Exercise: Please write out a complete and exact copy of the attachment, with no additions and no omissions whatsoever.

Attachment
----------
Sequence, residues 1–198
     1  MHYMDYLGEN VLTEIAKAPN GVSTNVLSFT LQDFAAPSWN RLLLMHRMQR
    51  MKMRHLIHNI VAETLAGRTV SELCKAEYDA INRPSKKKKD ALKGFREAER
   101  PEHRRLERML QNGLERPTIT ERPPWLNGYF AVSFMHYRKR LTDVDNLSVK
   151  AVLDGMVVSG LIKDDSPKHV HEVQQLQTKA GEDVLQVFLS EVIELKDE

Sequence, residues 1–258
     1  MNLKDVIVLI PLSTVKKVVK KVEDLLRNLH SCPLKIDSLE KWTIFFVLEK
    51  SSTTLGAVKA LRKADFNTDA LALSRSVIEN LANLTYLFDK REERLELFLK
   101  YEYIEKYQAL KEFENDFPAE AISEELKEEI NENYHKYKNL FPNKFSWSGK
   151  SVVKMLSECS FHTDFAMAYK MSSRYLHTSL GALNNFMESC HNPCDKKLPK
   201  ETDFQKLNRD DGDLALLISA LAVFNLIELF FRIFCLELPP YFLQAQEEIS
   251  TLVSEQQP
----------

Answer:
Sequence, residues 1–198
     1  MHYMDYLGEN VLTEIAKAPN GVSTNVLSFT LQDFAAPSWN RLLLMHRMQR
    51  MKMRHLIHNI VAETLAGRTV SELCKAEYDA INRPSKKKKD ALKGFREAER
   101  PEHRRLERML QNGLERPTIT ERPPWLNGYF AVSFMHYRKR LTDVDNLSVK
   151  AVLDGMVVSG LIKDDSPKHV HEVQQLQTKA GEDVLQVFLS EVIELKDE

Sequence, residues 1–258
     1  MNLKDVIVLI PLSTVKKVVK KVEDLLRNLH SCPLKIDSLE KWTIFFVLEK
    51  SSTTLGAVKA LRKADFNTDA LALSRSVIEN LANLTYLFDK REERLELFLK
   101  YEYIEKYQAL KEFENDFPAE AISEELKEEI NENYHKYKNL FPNKFSWSGK
   151  SVVKMLSECS FHTDFAMAYK MSSRYLHTSL GALNNFMESC HNPCDKKLPK
   201  ETDFQKLNRD DGDLALLISA LAVFNLIELF FRIFCLELPP YFLQAQEEIS
   251  TLVSEQQP